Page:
STMicroelectronics announces SSL-targeted microcontroller/driver at SIL

A programmable controller for LED lighting combines state machines for autonomous current control with the capability of DALI network support and flexibility in topology.

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The new STLUX385 digital lighting controller IC from STMicroelectronics combines the capability of implementing LED-driver functionality with the ability to implement smart solid-state lighting (SSL) products including network support. The IC combines a programmable microcontroller (MCU), state-machine-driven pulse-width modulation (PWM) peripherals, and hardware support for the Digital Addressable Lighting Interface (DALI) network.

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Most LED driver ICs have a relatively fixed topology. And in cases where luminaire designers want to add intelligence to a product, the typical path is via a secondary MCU IC. The STLUX385 is an MCU that also has the ability to implement driver functionality with the flexibility of supporting different topologies.

Generally, MCUs integrate a microprocessor core, memory, and a mix of peripheral functionality that might include connectivity support and data converters. The STLUX385 fits that description and includes what STMicroelectronics calls SMED (State Machine, Event Driven) peripherals that are specifically designed for lighting applications.

The six integrated SMED peripherals can be set by the MCU, and can then autonomously drive LED strings using PWM control. The SMED peripherals can control the on/off state of LEDs, set dimming levels, detect failures, and accept input from sensors. For example, the SMED peripherals can adjust light levels based on input from occupancy or ambient light sensors without assistance from the processor.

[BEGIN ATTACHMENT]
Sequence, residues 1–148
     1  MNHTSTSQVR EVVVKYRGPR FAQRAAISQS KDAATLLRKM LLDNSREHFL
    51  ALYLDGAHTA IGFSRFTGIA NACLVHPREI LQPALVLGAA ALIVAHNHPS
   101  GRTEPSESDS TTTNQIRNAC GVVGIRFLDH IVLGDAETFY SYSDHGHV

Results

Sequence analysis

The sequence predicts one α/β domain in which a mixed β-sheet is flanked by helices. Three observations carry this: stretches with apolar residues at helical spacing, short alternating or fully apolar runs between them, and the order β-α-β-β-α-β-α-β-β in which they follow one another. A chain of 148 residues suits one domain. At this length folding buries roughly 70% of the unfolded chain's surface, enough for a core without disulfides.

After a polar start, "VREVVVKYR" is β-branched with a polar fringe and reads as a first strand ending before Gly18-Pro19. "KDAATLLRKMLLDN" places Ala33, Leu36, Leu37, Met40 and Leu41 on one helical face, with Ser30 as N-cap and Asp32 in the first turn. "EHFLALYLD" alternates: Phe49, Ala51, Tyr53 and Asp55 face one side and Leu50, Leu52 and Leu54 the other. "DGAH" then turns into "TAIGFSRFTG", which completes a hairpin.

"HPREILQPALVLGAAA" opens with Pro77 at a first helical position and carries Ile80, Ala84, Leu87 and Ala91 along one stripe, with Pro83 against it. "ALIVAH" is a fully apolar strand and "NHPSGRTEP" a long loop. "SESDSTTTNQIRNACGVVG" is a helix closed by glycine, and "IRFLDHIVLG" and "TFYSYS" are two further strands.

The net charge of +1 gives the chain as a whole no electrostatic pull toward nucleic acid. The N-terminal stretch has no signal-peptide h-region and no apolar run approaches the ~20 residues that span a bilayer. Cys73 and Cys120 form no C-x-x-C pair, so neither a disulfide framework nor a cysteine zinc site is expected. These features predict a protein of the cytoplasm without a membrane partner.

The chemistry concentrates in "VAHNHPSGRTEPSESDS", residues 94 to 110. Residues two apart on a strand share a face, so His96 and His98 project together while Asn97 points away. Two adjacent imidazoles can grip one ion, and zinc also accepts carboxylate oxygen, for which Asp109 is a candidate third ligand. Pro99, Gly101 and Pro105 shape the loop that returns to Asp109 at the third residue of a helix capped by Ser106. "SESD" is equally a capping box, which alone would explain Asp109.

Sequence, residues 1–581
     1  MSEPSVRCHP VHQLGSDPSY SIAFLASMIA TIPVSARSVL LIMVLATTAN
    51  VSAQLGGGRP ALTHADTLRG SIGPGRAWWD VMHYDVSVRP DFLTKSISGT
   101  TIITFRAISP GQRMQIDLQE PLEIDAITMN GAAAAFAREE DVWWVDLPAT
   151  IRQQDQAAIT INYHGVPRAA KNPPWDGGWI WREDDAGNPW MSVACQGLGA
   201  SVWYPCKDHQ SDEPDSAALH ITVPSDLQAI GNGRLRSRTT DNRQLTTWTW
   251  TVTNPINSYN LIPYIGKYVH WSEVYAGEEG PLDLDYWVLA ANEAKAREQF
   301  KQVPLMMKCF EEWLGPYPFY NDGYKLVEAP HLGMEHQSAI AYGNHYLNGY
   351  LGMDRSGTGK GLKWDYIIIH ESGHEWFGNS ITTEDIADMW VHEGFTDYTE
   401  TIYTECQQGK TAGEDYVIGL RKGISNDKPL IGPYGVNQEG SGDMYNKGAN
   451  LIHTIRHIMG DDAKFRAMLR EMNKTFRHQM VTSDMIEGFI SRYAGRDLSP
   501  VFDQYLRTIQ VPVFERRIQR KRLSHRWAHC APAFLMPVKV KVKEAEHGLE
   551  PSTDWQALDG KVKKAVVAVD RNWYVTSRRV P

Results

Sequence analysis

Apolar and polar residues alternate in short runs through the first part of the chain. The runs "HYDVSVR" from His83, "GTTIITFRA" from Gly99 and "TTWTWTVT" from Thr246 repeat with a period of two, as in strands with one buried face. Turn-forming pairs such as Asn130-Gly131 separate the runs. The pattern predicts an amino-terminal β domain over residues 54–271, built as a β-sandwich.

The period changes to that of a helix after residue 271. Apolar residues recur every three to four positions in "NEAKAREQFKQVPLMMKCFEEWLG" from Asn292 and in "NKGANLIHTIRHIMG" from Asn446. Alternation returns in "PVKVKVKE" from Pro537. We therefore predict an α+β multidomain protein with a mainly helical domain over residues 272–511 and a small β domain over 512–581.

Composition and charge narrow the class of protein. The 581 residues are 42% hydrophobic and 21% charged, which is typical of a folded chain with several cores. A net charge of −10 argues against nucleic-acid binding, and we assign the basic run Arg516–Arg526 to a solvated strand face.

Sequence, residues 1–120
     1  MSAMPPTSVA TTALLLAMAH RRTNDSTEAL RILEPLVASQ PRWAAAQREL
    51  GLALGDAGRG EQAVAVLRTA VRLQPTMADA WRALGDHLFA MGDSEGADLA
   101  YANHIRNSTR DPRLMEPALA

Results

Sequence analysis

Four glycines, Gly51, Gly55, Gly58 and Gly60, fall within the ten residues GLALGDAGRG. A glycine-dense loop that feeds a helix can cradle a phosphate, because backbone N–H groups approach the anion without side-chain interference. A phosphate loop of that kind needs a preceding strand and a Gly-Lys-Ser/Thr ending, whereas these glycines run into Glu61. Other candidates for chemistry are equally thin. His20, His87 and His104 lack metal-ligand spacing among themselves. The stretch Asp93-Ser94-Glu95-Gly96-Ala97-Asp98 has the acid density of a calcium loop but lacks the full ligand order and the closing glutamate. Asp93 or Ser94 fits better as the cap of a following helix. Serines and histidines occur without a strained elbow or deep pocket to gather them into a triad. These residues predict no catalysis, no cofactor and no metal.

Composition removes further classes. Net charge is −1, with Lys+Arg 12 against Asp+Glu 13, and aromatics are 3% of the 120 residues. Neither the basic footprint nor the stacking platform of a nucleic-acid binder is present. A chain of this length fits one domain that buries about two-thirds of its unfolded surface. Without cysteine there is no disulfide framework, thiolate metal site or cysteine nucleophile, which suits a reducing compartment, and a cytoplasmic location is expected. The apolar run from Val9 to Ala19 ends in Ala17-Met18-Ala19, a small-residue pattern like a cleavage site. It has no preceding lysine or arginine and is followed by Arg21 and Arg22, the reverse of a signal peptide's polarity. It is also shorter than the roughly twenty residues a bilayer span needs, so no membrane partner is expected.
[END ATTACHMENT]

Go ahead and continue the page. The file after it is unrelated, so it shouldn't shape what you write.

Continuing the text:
STMicroelectronics said that the IC targets a broad variety of applications but specifically mentioned street-light applications. The IC could deliver more granular control of light level – for example gradually increasing light level at dusk.

The new IC is designed for SSL applications but can also be utilized with HID sources. For example, the DALI interface is an advantage for control applications regardless of light-source type.

STMicroelectronics has presented a number of use cases for the IC in different power-supply topologies. For example, the company presented a typical street-light design that includes a power factor conversion stage and a half-bridge power converter. The company also presented a buck converter example.

In the case of SSL applications, the IC can implement a multi-channel driver. STMicroelectronics has an evaluation board that includes a single STLUX385 IC and hour LED driver channels using individual buck converters with support for 8-bit dimming granularity.

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